FORK(2)                          System Calls                          FORK(2)


       fork, fork2, vfork - start a new process from inside the current appli-
       cation space


       #include <unistd.h>

       int fork (void *proc);
       int vfork (void *proc);
       int fork2 (void *proc, unsigned short stack, unsigned short prio,  char
       *procname, unsigned short numargs, ...);


       fork causes the creation of a new process.

       fork's argument proc is typically the address of a C function, although
       it can be any valid address inside the IIgs RAM space.  In a successful
       fork  call, the parent process resumes execution by returning from fork
       and, under GNO, the child process resumes execution at the  entry  into
       function  proc.   This  is  different from traditional Unix implementa-

       fork creates a new entry in the process table, and sets up default set-
       tings for the new process.  The process is allocated 1k (1024 bytes) of
       stack space, and the direct page is set to the beginning of  this  mem-
       ory.   The process is executed in 16-bit full native mode, and the reg-
       isters upon entry to the routine are set as follows:

              A    the userID assigned to the new process
              X    0
              Y    0

       The child inherits the memory shadowing and machine state parameters of
       the  parent,  as  well as signal blocking information and the ID of the
       controlling TTY. In addition, the child inherits all the open files  of
       its parent.

       A  forked  process  may  share  code with other children or the parent.
       However, this is only allowed in a forward manner; any  forked  process
       that exits by function return will be terminated.  Note that any shared
       global variables will need to be moderated with  some  type  of  mutual
       exclusion,  either the kernel semaphore(2) routines or custom routines.
       This includes C stdio routines.

       There is no way to pass parameters directly to a child with fork.   Use
       fork2 instead.

       Under  GNO,  vfork  is identical to fork; other than the proc parameter
       (and therefore the point at which the child process resumes execution),
       vfork  is  the same as the BSD implementation in that the two processes
       share an address space.

       fork2 is similar to fork(2), except that it  allows  parameters  to  be
       passed both to proc and the execution environment:

              stack  is  the  number  of  bytes  of  stack  to allocate to the
                     proess. If stack is not a multiple of  256,  then  it  is
                     rounded up to the next highest multiple of 256 bytes.

              prio   is  the priority to assign to the process. Priorities are
                     not currently implemented, and you should pass 0 for this

                     is a string you can have associated with the process when
                     viewing the process table (See ps(1)).

                     is the number of (16-bit) words of arguments  which  fol-
                     low,  not the number of arguments.  Any arguments follow-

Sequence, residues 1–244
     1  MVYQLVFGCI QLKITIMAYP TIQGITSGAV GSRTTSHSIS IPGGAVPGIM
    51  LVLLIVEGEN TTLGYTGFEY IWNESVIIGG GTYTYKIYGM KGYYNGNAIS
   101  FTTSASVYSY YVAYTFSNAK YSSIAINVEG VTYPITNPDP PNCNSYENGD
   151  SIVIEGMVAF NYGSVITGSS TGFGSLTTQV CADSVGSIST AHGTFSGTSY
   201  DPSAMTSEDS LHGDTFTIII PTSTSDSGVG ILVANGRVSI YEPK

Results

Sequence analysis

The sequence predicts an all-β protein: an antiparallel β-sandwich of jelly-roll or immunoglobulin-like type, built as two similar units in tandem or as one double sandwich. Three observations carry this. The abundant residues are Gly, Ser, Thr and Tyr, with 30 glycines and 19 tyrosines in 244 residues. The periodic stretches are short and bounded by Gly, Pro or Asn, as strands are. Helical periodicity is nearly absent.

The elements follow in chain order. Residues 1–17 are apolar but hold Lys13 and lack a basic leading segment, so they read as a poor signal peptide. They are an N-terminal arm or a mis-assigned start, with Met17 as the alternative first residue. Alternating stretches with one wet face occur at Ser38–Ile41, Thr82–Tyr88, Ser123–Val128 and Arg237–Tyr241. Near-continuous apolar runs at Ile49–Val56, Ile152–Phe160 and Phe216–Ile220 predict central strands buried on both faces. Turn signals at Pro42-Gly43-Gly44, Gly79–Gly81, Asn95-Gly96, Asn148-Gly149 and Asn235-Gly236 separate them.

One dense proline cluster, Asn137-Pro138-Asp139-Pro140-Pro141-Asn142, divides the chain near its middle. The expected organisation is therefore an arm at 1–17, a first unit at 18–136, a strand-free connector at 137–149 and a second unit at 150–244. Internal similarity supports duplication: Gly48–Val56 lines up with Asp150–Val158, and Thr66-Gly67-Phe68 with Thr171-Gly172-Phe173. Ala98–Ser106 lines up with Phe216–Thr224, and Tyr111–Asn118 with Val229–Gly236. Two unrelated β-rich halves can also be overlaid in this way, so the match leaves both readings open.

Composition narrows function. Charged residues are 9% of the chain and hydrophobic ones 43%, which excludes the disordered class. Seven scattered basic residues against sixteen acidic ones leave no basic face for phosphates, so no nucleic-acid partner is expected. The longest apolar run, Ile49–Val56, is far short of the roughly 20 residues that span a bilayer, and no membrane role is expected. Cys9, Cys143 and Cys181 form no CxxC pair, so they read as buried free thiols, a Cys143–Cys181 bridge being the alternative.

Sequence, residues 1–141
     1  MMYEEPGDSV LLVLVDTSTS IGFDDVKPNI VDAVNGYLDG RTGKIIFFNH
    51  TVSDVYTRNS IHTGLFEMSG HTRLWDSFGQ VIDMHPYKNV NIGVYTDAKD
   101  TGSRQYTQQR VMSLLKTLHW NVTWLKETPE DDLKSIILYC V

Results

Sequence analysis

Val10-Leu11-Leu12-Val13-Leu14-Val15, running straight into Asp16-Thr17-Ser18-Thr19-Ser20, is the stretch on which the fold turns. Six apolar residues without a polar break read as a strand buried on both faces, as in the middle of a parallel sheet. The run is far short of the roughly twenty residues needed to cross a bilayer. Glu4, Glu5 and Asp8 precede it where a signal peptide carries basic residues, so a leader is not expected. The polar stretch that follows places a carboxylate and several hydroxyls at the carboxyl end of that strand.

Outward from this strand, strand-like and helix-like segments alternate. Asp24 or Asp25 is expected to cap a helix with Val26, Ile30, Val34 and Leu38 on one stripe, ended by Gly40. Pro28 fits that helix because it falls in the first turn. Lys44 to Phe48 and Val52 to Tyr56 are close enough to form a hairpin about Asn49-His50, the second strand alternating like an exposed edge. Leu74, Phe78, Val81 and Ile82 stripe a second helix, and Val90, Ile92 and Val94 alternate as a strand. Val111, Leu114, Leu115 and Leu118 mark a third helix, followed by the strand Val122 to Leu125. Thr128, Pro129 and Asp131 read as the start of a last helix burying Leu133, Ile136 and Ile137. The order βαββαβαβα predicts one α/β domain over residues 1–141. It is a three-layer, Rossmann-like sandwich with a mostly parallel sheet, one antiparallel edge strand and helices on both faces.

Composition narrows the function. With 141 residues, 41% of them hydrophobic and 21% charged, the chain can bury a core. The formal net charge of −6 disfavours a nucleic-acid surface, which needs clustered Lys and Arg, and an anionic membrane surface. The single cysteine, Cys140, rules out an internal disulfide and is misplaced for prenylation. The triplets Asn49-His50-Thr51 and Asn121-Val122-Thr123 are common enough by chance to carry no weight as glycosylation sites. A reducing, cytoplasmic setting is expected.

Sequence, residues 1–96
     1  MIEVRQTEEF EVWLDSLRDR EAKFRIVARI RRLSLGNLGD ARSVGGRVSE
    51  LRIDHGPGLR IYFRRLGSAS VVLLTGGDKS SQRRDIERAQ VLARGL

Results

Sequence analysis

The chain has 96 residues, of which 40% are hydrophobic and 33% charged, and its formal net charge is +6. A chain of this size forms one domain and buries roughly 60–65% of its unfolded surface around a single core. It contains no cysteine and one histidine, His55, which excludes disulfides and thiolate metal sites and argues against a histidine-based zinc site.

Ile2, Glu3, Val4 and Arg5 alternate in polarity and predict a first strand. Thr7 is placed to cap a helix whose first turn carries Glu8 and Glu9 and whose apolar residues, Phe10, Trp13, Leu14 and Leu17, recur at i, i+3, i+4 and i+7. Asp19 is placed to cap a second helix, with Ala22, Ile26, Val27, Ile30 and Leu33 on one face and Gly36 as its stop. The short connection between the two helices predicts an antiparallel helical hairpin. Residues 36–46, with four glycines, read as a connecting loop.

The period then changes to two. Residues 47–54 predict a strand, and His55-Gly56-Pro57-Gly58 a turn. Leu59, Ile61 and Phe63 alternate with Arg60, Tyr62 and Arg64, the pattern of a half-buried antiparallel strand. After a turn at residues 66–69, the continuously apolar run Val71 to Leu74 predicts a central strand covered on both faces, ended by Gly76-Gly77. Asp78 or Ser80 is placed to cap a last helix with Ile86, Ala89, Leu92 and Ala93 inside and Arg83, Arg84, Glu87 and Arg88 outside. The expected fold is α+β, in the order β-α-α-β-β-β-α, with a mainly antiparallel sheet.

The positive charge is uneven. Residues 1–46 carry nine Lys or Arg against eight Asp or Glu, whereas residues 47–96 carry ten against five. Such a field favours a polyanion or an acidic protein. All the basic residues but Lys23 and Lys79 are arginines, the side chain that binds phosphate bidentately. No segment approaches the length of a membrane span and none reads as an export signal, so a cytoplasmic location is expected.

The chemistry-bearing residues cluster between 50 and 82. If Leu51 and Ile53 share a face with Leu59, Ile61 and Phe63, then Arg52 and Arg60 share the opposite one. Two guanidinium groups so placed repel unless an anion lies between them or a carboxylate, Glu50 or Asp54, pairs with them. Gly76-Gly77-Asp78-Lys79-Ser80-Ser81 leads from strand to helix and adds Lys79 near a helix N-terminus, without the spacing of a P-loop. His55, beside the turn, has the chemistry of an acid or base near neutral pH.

ing numargs are passed as parameters to the child's  pro-
       See below for an example of the use of fork2.


       On  success  fork, vfork, and fork2 return to the parent the process ID
       of the new (child) process.  On failure, -1 is returned  and  errno  is


       Care  must  be  taken such that the child process does not call exit(3)
       either directly or by function call, since exit will  flush  and  close
       standard  I/O  data structures.  Instead, if the child process does not
       or cannot execve(2), it should call _exit(3).

       ORCA/C's stack checking and stack repair code should be turned off when
       compiling  routines  containing  these  functions.   See  occ(1) or the
       ORCA/C Reference Manual for details.

       Because the fork functions are called from the kernel (which is  imple-
       mented  as  a  user tool set), the child function proc must restore the
       data bank register if it is going to access global variables.  See  the
       description  of  the databank pragma in the ORCA/C Reference Manual for

       While Splat!  is an excellent source level debugger, it is (at the time
       of  this  writing)  unable  to  handle the execution of fork, fork2, or
       vfork calls.  If you attempt to do so, your machine  will  almost  cer-
       tainly crash.  Otherwise, Splat!  is strongly recommended as a powerful
       tool for GNO programmers using C as their source  language.   (For  the
       record,  the  author  of this manual page receives no renumeration from
       the sales of Splat!)


       Most Unix forks take no parameters; they copy the entire address  space
       of  the  calling process and return witha different value in the parent
       and child.  Due to hardware  limitations,  this  sort  of  manipulation
       isn't  possible on the IIgs.  Unix programs utilizing fork will have to
       be modified slightly to work under GNO.

       The implementation of fork is therefore not  POSIX conforming,  nor  is
       the  implementation of vfork conforming to traditional Unix implementa-


       int main (int argc, char **argv) {
          pid = fork2(proc1,1024,0,"sub-process",3,argc,argv);
          return 0;

       void proc1(int argc, char *argv[])


       fork2 first appeared in XINU.

       vfork first appeared in 3.0BSD.


       occ(1), exec(2), execve(2), semaphore(2), wait(2), the GNO Kernel  Ref-
       erence Manual, and the ORCA/C Reference Manual.

16 January 1997                       GNO                              FORK(2)

Man(1) output converted with man2html